Todd Siler’s Disclaimer concerning the “Fractal Reactor” concept and project, which is part of the exhibition,
The Mind And All It Creates
, at the Fort Collins Museum of Contemporary Art  (January 15 – March 25, 2010)

The “Fractal Reactor” concept and project are in an early stage of development.  I want my audience to know that the concept has not been scientifically validated, and that the publication of my concept papers in reputable science and technology journals does not imply that it has. 

My exploratory work on the Fractal Reactor concept serves one purpose: namely, to raise fundamental questions about how we might best design & build safe, reliable, environmentally-friendly nuclear fusion energy systems that can one day fulfill our growing energy needs and help create a sustainable future.  

The artifacts and prototypes created from this adventure in discovery consider some alternative ways of constructively building on the scientific knowledge about harnessing the Sun’s unlimited sources of energy.

As I continue to develop this concept—improving on the design and functionality of the Fractal Reactor—I plan to submit this work for formal peer-review by the nuclear fusion scientists. It’s simply part of my ongoing effort to grow the conversation about the scientific and technological possibilities of this innovation.

I welcome all collaborations with nuclear fusion specialists who can create the necessary mathematical models and test these models through empirical studies. Only then can we properly evaluate and assess the merits of this concept. Only then will we be able to say beyond a shadow of a doubt whether or not this concept is good or bad, or right or wrong. Until that day, any praise or criticism of this concept is a matter of opinion not fact.


For more information on Todd's work and adventures, please visit these websites:

Or, Google Todd Siler and pick-and-choose from the many links to his work.





Metaphorming Life: The Work of A.R.T.
Realizing human potential. That’s my life’s work. Those three words sum up everything I live for and aspire to accomplish through my art.

For me, A.R.T. is All Representations of Thought: from the poetic gestures of dancers to the abstract symbolic models of chemists; from back-of-the-envelop idea doodles to rigorous proofs by pure mathematicians; from the Aha! we spontaneously utter at a moment of breakthrough thinking to the technological marvels we create in collaboratively harnessing our creative genius; from our silent inner reflections on life to our tangible responses to all the things nature shares with us every second of everyday that challenge our senses and rev our imagination.

Since childhood, my art has been one curious adventure in exploring the nature of the human mind to glean how we create, learn, invent, collaborate and communicate.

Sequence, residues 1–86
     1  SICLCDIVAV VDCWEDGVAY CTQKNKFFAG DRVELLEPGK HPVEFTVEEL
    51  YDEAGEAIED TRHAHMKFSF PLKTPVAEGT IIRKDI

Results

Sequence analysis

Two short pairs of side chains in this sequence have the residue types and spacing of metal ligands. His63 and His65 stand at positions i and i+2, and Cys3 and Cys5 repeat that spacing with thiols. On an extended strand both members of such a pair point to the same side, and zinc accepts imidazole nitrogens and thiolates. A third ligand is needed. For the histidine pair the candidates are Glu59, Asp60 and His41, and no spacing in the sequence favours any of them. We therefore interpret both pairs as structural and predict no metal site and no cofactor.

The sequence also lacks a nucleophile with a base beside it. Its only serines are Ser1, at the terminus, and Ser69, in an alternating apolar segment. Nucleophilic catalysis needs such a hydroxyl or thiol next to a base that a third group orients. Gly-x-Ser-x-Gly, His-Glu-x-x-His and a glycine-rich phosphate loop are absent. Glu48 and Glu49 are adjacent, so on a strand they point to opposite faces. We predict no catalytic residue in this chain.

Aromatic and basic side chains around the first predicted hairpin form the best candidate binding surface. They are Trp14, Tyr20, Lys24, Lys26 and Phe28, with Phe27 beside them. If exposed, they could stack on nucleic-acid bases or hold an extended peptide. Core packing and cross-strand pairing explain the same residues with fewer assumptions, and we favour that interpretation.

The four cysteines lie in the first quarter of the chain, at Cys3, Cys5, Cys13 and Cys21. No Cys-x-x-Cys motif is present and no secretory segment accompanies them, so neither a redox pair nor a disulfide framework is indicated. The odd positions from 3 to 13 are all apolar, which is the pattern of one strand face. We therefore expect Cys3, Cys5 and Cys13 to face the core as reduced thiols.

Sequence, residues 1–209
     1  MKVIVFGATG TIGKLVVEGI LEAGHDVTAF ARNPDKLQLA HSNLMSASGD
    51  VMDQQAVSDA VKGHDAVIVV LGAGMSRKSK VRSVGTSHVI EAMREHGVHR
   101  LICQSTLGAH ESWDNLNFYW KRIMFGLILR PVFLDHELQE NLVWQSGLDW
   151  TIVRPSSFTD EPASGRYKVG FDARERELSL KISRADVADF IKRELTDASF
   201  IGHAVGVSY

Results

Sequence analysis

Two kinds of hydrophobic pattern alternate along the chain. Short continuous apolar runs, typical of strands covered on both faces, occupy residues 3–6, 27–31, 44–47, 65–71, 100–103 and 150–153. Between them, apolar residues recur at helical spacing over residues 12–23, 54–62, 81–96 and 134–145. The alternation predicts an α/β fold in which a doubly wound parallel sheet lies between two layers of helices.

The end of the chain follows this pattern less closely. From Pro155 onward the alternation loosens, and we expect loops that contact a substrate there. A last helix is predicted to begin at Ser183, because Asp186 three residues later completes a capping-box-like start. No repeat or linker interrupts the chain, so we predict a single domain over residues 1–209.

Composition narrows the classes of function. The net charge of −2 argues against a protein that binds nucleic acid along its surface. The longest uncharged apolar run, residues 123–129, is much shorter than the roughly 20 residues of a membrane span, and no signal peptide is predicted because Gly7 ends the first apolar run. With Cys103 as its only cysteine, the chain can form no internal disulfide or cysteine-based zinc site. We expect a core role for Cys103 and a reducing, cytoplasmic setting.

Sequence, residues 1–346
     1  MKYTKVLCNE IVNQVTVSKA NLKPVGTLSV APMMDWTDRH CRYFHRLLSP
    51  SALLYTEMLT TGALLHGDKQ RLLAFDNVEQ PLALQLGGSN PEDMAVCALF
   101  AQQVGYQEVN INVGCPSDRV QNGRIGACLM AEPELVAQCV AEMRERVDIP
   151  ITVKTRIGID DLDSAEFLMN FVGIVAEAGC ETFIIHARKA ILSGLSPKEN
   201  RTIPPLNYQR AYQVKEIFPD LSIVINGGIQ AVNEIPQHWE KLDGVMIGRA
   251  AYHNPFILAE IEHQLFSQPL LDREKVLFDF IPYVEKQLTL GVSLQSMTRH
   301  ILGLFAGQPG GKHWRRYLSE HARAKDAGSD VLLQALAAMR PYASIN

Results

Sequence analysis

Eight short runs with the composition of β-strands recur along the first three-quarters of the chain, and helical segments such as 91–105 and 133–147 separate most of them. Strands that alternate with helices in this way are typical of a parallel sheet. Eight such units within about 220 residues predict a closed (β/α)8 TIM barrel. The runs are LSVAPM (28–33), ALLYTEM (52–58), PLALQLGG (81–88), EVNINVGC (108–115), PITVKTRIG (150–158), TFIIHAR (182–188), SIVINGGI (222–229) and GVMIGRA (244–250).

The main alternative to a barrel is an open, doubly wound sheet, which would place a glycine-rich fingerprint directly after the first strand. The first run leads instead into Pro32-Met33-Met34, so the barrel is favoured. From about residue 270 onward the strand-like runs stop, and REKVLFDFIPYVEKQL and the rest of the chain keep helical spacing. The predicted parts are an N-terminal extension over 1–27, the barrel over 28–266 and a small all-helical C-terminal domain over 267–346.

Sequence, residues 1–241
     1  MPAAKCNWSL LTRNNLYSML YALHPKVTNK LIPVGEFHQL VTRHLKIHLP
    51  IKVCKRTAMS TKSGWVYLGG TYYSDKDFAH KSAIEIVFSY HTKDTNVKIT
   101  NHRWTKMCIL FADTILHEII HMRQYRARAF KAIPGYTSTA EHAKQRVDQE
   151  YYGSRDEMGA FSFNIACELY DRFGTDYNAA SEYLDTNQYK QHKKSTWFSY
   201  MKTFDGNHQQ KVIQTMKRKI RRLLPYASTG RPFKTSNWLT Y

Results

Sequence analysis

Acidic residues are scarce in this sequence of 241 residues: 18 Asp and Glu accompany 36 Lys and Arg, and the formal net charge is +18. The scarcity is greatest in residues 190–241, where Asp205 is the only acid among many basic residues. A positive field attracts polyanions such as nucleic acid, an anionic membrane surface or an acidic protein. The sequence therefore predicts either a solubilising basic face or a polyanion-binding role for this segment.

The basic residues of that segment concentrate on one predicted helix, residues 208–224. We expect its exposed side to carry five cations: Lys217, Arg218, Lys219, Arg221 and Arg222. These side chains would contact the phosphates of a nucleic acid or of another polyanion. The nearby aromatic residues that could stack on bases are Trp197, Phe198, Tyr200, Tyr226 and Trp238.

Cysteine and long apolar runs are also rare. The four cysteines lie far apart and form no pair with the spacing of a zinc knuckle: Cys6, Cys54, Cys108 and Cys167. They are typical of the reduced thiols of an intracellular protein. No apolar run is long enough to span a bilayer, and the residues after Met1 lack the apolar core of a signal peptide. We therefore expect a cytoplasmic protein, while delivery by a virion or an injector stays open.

At the core of all my work is Metaphorming. Nearly three decades ago, I coined the words Metaphorm and Metaphorming to describe these ageless communication tools that everyone can use to realize their creative potential. They’re “engines” of creativity, invention, learning, and discovery that power our communications.

Metaphorming is derived from the Greek words meta which means “between,” “after,” “beyond,” “transcending,” and phora, or “transference.” Metaphorming enables us all to move beyond the constraints of verbal thought, transferring from one object to another a new meaning or set of associations.

I refer to my works of art as Metaphorms. These embody visual metaphors, physical analogies, signs, symbols, stories, allegories, puns, premises, and much more.

Metaphorming is the act of connecting Metaphorms to stimulate breakthroughs and discoveries, and to generate inventions and innovations. It increases the meaning and usefulness of all information, ideas, knowledge, experience, and wisdom.

Metaphorming is the essence of what our minds do when we are “thinking differently”; when we’re searching for personal meaning and purpose; when we’re seeing beauty and seeking truth; when we’re enjoying the complexity of nature, and exploring the nature of complexity.

To understand the world of Metaphorms and Metaphorming is to see beyond the categorization and compartmentalization of our acts of creating and our creations. It is to continually transform the meanings and uses of things and ideas by connecting and applying them in new contexts and situations. Recall the mantra of the 20th century polymath and Renaissance thinker, R. Buckminster Fuller, and novelist E.M. Forster: “Only connect.” Leonardo da Vinci may have simply said: Metaphorm it!

Know the thought through which all things are steered through all things.

Heraclitus, Greek philosopher and mystic, 500 B.C.
Don’t just know “the thought.” Metaphorm it!
Todd Siler